By default, Lync provides a pretty open conferencing experience for users. It allows a fair degree of flexibility in terms of functionality after you’ve first deployed it; and I suppose this is to provide the most complete experience to users when they first try it out. In this post, I’m going to talk about why we would want to modify this default behaviour and how we can make Lync conferences more secure. The two main default behaviours that would make you want to increase conference security are:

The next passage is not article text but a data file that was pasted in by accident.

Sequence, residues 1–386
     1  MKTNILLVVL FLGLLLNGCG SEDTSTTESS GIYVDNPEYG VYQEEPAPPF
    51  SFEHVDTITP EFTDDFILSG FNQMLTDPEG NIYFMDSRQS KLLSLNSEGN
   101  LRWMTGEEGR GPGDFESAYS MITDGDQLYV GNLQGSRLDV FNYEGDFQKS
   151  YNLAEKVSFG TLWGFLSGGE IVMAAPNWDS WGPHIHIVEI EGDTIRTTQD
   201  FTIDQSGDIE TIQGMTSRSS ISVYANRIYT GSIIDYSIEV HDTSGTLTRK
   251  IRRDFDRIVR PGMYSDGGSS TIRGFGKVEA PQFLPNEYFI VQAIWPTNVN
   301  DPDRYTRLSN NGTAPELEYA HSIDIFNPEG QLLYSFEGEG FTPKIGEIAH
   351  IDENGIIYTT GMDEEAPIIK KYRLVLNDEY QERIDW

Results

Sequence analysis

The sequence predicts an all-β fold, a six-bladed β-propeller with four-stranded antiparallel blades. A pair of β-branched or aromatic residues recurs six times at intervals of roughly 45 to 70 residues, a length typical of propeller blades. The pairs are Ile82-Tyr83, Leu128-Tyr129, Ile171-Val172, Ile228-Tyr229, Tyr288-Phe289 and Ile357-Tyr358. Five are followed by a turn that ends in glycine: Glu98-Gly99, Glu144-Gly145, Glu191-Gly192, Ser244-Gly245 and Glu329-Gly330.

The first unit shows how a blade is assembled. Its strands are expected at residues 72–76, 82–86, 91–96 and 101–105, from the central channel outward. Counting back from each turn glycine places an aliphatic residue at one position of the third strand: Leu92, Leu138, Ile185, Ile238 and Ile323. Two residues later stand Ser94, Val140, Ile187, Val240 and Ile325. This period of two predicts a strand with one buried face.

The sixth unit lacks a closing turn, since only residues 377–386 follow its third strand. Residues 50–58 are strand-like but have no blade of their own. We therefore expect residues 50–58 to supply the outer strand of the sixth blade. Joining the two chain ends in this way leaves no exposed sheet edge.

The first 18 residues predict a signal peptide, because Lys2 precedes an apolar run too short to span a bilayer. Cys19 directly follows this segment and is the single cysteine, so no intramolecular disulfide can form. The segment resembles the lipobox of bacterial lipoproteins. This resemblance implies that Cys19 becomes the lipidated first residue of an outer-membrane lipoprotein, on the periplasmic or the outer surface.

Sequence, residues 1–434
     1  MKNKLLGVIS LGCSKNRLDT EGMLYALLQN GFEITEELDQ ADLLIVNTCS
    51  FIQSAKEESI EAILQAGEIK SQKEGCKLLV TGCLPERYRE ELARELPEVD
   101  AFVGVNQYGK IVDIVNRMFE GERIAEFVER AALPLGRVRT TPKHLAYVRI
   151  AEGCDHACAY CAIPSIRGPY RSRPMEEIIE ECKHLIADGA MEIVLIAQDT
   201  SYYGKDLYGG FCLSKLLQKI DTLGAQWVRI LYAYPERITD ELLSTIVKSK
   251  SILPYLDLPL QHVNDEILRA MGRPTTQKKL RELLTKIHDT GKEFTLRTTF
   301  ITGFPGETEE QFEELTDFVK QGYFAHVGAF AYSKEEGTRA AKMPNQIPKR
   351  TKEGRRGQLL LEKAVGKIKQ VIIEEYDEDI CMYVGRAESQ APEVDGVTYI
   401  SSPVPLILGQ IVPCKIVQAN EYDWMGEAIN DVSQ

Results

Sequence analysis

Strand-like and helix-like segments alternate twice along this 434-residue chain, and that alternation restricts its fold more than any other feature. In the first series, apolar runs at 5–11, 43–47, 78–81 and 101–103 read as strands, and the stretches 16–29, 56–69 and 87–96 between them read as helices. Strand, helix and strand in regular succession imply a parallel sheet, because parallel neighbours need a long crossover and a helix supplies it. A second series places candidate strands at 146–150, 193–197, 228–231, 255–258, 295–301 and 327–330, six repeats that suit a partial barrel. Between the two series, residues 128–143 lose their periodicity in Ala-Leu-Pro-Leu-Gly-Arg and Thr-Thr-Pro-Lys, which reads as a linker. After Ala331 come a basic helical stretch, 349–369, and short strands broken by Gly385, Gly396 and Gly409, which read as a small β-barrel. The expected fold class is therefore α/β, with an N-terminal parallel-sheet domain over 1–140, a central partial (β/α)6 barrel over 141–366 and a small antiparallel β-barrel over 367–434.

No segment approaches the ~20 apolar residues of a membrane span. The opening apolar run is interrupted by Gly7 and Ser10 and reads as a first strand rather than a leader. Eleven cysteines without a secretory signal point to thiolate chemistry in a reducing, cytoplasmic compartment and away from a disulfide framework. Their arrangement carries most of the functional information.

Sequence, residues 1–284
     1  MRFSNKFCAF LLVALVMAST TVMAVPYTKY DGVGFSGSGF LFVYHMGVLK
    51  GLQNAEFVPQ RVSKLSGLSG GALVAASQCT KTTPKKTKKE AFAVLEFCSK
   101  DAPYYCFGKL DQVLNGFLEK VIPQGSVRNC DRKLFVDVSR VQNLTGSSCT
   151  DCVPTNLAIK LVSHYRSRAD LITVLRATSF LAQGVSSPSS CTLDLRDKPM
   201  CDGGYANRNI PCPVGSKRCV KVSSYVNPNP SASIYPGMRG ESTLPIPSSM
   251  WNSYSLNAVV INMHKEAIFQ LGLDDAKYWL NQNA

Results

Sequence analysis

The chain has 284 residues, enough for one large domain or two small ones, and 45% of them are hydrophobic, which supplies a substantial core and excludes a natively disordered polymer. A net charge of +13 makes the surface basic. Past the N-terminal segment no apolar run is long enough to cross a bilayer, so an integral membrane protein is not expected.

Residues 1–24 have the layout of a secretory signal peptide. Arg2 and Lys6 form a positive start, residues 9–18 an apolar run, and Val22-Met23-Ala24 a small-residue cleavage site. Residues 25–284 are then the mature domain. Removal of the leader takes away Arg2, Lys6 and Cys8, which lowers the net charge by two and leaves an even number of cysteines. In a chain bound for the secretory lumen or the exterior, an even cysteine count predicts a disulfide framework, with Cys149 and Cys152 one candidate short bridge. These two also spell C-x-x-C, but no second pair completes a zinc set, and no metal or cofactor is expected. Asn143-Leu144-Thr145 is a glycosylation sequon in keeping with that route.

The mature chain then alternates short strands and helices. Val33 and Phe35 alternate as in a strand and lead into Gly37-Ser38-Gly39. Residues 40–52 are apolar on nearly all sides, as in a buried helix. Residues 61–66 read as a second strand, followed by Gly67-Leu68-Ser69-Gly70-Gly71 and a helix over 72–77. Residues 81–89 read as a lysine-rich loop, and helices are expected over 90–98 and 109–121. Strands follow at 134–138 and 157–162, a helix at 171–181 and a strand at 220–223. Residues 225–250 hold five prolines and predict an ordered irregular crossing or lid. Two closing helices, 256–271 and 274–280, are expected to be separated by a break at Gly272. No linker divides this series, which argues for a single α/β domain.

- The same meeting URL and conference ID is assigned for the user for every meeting by default.
- PSTN callers will bypass the lobby when they join a meeting and do not need to be admitted to the meeting by a presenter. This contradicts the behaviour of a lot of audio conferencing providers today, where everybody must wait for the leader to arrive until the conference begins.
Together, these behaviours may represent a security risk to some organisations. Let’s go through how we can mitigate them.
Increasing Conference Security